From Bondings 2.0:
Pope Francis writes that, after we perform a recollected reading of the text, we ask ourselves some questions about the Scripture passage. What does this text say to me? What about my life needs to change? What do I find pleasant or attractive in this text for my life? Francis says that we need to avoid the temptation to apply the passage to other people. Now, this hits home! During the Scripture readings at Sunday worship service, I sometimes find myself thinking, “I hope so-and-so heard that!”
With Francis’ advice at hand, I read and reread the Scripture texts for the Third Sunday of Advent to figure out what God was saying to me. Isaiah speaks of a joyful time when all will be made right and good: feeble hands and weak knees will be strengthened, blind eyes will be opened, and deaf ears will hear. But until this time arrives, the epistle of James cautions us to be patient, just as the farmer waits for the rains to water the precious fruit of the earth. We are not to complain about one another, but look to the prophets as examples of the patience God asks of us.
The Gospel reading gives us an example in the prophet, John the Baptist. John preached a stirring message of repentance for sin and baptism with water to cleanse the body and soul, but John waited patiently for a Messianic figure, who would baptize with the Holy Spirit. From his prison cell, John sends his disciples to ask Jesus if his waiting time is over. “Are you the one who is to come, or should we look for another?” John is an example of patience.
The theme of today’s Mass is proclaimed from the first word of the entrance antiphon, and repeated insistently throughout, “Rejoice” – or in Latin, “Gaudete”, from which today, the Third Sunday of Advent takes its name, “Gaudete” Sunday.
The entrance antiphon opens,
Rejoice in the Lord always; again I say, rejoice.
(Gaudete in Domino semper: iterum dico, gaudete).
Advent is a solemn time of anticipation, preparing for the festive celebration of the Nativity. Christmas though, is much more than just the infant Jesus that is the focus of so many family Christmases: it is much more a celebration of the incarnation of Christ, a constant making real His presence in the world. That presence is marked by a pronounced emphasis on love, justice, and inclusion of all – including sexual minorities as well as all manner of marginalized people of His day.
In our world, that same openness and inclusion for all does not exist, not in the secular sphere, and not in the Church. If we are truly to participate in preparing for the incarnation, to contribute to building God’s Kingdom on earth, it is appropriate for this season of advent that we should reflect on the ways in which we personally can participate in preparing for this inclusion in Church.
Equally Blessed, a coalition of Catholic ministries to LGBT Catholics, has released an Advent statement with some suggestions, specifically geared to ending the oppression of queer youth:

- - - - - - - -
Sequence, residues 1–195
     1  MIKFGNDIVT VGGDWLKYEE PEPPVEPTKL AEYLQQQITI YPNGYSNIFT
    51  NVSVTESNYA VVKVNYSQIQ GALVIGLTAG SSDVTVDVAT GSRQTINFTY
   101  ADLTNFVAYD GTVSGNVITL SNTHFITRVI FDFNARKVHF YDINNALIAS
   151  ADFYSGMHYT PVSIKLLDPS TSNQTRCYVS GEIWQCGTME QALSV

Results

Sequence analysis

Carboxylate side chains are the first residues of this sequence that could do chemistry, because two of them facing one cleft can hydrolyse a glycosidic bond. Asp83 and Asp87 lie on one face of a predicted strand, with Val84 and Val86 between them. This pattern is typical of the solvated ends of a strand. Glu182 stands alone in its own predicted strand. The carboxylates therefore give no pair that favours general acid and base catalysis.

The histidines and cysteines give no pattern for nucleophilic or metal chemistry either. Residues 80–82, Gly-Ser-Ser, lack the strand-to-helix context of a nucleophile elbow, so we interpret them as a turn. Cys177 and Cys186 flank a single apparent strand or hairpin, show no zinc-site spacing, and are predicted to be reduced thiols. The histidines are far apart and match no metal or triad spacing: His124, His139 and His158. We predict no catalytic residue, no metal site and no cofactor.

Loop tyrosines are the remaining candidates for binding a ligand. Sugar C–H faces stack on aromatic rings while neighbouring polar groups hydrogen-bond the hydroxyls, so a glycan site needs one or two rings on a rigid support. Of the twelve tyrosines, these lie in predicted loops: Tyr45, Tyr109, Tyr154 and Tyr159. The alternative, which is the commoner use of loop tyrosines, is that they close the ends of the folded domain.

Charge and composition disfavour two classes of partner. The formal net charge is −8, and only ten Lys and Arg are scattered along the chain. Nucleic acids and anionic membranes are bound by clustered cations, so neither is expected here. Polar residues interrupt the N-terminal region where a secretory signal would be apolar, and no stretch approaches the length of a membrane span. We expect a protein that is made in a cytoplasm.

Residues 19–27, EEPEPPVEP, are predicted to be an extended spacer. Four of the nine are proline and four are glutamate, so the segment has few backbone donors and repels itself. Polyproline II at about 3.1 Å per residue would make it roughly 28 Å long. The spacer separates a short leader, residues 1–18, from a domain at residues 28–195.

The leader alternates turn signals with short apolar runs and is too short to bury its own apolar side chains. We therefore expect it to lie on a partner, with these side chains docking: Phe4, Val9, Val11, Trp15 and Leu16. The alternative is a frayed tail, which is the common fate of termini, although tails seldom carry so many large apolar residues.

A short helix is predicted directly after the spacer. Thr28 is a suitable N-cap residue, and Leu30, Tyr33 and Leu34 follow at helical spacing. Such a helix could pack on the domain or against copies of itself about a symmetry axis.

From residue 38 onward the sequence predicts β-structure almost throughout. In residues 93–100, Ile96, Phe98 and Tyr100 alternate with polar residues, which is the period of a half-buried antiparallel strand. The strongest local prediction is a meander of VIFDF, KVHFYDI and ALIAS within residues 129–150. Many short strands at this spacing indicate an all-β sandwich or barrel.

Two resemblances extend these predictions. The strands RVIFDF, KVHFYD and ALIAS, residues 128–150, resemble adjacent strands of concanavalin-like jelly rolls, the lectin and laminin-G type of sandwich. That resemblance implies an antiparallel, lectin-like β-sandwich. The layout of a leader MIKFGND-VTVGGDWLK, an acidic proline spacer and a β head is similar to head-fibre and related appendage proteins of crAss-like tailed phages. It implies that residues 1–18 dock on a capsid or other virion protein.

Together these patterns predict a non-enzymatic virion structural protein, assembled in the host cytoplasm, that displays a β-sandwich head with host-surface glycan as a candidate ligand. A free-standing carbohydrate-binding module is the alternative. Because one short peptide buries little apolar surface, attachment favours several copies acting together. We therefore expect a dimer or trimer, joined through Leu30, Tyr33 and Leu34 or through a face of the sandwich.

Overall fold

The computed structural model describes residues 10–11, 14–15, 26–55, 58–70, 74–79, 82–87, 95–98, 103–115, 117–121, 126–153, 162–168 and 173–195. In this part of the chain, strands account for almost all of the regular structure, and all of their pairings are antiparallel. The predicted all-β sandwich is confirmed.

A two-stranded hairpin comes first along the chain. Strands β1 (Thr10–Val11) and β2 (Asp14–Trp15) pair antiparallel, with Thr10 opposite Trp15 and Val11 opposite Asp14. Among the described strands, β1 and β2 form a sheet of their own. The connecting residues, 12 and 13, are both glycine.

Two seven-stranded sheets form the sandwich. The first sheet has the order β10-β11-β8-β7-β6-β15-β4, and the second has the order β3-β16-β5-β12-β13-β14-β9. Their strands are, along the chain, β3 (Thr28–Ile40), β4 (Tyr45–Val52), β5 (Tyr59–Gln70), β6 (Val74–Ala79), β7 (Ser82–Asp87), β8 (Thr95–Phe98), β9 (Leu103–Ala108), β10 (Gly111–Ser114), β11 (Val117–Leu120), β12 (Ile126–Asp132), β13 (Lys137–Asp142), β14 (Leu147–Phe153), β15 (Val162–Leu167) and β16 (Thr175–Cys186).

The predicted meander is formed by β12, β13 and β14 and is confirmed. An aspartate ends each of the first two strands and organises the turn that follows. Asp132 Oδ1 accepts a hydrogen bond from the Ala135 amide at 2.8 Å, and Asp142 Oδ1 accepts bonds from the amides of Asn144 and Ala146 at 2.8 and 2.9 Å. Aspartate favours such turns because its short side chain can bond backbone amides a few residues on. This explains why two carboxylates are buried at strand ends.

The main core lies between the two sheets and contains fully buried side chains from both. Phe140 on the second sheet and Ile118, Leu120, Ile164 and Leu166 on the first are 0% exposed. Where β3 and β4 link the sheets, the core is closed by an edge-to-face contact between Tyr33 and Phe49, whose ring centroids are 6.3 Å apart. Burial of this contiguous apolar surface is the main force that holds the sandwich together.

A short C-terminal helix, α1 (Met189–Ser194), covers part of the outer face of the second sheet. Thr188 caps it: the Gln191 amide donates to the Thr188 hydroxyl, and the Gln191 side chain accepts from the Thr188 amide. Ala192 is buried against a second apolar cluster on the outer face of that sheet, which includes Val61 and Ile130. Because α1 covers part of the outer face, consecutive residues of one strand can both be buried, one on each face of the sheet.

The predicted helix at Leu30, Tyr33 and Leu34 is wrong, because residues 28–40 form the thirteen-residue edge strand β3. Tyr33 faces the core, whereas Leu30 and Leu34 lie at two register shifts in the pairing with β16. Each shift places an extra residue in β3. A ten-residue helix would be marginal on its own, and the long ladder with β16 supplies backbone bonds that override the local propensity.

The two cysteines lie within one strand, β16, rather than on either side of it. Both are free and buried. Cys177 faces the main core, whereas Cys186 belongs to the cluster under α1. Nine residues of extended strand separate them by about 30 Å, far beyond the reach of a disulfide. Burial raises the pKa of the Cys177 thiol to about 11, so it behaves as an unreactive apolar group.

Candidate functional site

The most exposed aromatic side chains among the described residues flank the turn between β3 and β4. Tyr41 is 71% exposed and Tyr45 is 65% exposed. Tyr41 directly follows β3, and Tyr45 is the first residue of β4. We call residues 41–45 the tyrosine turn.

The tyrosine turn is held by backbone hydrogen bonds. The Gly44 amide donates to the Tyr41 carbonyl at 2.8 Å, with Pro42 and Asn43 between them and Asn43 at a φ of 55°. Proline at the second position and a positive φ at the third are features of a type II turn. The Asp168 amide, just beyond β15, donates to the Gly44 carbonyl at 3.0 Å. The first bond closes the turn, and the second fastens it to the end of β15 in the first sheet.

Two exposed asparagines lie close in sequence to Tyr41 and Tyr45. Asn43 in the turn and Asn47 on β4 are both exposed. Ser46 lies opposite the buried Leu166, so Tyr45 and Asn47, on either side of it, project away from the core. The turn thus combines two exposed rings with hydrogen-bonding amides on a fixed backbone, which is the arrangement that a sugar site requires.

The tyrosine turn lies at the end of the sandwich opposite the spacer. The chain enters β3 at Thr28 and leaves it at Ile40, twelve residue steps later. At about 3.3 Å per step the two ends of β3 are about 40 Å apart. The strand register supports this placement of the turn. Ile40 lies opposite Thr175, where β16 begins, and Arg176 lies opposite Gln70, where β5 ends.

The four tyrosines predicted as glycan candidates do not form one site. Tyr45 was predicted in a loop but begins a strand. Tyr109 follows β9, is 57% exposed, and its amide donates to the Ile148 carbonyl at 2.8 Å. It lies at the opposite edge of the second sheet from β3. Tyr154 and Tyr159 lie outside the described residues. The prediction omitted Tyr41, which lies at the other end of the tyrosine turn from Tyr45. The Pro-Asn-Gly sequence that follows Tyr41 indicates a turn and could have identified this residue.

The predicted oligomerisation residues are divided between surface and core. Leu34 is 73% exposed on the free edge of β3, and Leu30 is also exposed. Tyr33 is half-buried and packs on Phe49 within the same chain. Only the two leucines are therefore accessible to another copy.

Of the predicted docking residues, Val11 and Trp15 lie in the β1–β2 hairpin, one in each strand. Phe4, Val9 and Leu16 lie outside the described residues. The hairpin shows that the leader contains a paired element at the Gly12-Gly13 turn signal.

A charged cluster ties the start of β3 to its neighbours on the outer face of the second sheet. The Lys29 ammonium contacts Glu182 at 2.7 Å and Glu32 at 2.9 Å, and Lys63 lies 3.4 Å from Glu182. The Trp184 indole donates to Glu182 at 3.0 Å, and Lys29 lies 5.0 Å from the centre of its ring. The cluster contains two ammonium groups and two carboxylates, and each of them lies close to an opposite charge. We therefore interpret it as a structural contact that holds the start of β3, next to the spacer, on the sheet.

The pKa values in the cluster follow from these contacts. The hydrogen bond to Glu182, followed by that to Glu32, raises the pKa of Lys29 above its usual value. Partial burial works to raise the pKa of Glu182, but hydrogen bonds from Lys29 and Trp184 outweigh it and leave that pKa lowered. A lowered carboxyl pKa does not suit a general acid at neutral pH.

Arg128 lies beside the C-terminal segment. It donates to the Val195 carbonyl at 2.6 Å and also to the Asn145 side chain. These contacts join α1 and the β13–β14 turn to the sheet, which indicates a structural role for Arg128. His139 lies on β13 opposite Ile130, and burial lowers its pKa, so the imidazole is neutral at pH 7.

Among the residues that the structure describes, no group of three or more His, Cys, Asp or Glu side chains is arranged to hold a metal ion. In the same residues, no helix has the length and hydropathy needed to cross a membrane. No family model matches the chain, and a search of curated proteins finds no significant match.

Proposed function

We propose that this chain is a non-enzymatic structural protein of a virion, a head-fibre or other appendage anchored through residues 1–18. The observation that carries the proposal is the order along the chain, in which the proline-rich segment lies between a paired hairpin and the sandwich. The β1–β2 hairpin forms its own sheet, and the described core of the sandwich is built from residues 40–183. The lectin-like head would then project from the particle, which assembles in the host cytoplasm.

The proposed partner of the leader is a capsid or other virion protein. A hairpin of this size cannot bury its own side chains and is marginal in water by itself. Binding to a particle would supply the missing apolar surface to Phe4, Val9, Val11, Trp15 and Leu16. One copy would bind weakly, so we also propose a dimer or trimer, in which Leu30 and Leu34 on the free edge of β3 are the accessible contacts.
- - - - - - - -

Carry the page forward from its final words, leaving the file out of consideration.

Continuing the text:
Equally Blessed Advent 2010 Statement
This Advent season, join the progressive Catholic movement in wearing a rainbow ribbon to church as a public symbol of justice and solidarity with our LGBT youth in this time of increased awareness about youth suicides.
Do you feel called to do more for our youth? Here are some other ways you can make a difference:
- Pledge to have a conversation about LGBT justice issues with a family member, colleague, neighbor, member of your parish or faith community, or with a public official
- Volunteer for an LGBT organization, maybe one that works with LGBT or questioning youth.
- Help create a safe space or anti-bullying policy to support LGBT youth in your local school or faith community.
- If you know a Knight of Columbus, ask them if they know how their money is being spent on anti-gay campaigns.
- Help pass the Safe Schools Improvement Act
- Adopt a bishop this season and make a contribution in his name to an LGBT rights organization and then send a letter to the bishop letting him know of your gift
Check local fabric/ribbon stores or the internet for the rainbow ribbon. The preferred width size is 7/8″. One place that sells rainbow is Artistic Ribbon. Minimum orders may apply. There are several places on the web to purchase safety pins (size: #1 in either brass or silver).
We have included a PDF version of the statement for reproducing and distribution.
If you find other sources, etc., email firstname.lastname@example.org.
Equally Blessed is a coalition of faithful Catholics who support fully equality for lesbian, gay, bisexual and transgender (LGBT) people both in the church and in civil society. Equally Blessed includes four organizations that have spent a combined 112 years working on behalf of LGBT people and their families: Call To Action, DignityUSA, Fortunate Families and New Ways Ministry.
- “Equally Blessed”: Statement on US Bishops’ Elections. (Queering the Church)
- Queer Catholics Are Equally Blessed: Press Release (Queering the Church)
- For a Queer Christmas – Send Gay / Lesbian Cards. (Queering the Church)
- Give Thanks For This Kairos Moment of LGBT Inclusion (Queering Theology and Ministry)
- “Speaking the Truth” on Catholic LGBT Inclusion (Queering the Church)
- Advent: A Closet Fertilized by Hope (Jesus in Love Blog)